How to avoid WAL files in Core Data

Since iOS 7 and OS X 10.9 the default journalling mode in SQLite Stores is WAL. In addition to the main store file you’ll find a WAL file with the same (or larger) size as the store file, and a less important SHM file.

Prior to this implementation it was easy to save the context, extract the store file and ship it with an app as a pre-made data store. That’s no longer possible, because by default all data changes are written to the WAL file and do not sync with the main store file.

This is not a problem if you’re not shipping a pre-made store file with your app, but if you do, then this “improvement” has just ruined your way of delivering prewritten data stores.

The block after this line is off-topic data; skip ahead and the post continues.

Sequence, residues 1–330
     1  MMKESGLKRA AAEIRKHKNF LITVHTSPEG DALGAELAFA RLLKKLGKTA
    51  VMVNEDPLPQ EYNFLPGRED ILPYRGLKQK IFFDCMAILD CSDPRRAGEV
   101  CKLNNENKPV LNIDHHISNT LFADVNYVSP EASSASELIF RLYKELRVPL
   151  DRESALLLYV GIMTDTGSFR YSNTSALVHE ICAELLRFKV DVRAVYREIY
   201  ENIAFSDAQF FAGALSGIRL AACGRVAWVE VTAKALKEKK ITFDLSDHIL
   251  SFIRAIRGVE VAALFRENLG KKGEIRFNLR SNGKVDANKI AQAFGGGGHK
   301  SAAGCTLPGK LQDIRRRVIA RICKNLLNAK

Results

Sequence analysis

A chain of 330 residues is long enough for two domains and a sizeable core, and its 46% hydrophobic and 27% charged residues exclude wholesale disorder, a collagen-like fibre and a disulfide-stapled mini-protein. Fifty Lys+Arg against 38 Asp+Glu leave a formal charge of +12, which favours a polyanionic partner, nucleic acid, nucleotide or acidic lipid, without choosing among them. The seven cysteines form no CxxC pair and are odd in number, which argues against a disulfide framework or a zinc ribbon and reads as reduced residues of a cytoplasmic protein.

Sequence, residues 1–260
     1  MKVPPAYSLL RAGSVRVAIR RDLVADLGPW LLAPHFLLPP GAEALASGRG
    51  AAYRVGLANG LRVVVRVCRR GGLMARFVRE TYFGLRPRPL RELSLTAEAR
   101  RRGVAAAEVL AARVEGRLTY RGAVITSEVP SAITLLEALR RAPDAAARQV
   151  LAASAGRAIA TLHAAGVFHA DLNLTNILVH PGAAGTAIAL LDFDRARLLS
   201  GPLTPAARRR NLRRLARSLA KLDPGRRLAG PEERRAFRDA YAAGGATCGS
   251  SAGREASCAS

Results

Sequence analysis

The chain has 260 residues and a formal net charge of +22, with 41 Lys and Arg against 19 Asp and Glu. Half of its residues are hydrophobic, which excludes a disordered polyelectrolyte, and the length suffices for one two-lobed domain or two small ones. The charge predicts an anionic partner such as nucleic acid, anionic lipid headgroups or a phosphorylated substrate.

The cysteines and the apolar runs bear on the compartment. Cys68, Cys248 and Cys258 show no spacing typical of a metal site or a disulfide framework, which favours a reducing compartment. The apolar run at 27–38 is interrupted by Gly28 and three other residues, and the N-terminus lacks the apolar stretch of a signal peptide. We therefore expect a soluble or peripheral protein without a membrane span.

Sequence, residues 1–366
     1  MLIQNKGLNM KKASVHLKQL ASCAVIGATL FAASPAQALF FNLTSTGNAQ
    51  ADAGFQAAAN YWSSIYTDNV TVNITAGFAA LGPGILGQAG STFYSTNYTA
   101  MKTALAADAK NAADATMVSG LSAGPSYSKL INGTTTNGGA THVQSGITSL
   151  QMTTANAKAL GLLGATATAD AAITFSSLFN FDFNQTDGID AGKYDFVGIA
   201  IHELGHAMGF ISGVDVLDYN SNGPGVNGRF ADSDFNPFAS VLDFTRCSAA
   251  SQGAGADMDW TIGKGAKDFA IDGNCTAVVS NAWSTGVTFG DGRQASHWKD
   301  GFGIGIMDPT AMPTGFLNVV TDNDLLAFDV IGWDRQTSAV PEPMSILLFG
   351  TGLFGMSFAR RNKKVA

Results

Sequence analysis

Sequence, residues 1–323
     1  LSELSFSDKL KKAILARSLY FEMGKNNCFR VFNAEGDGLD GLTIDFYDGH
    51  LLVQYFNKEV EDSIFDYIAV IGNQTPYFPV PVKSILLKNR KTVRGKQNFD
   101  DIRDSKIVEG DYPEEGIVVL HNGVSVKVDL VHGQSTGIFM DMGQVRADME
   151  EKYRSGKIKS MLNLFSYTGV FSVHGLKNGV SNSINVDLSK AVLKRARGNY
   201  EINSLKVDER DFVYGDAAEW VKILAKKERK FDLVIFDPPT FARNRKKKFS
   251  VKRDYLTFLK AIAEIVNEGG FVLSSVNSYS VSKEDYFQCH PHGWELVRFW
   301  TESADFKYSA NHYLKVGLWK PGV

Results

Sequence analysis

Lucky for us we can switch this entire WAL business off by passing an option when creating our NSPersistentStoreCoordinator:

This bizarre brackety @-intense statement is shorthand for an NSDictionary within a dictionary. Not so pretty on its own. In context, this statement can be passed as part of a default Core Data app when created from a template:

No options are passed by default. The same statement amended with the no-WAL option would look like this:

In addition you can pass other options like so:

Adding this will do away with WAL and let you use your persistent store file on its own again. At the time of writing, I know of no way to sync the changes from the WAL file back into the main store file.

Jay is the CEO and founder of WP Hosting, a boutique style managed WordPress hosting and support service. He has been working with Plesk since version 9 and is a qualified Parallels Automation Professional. In his spare time he likes to develop iOS apps and WordPress plugins, or draw on tablet devices. He blogs about his coding journey at and

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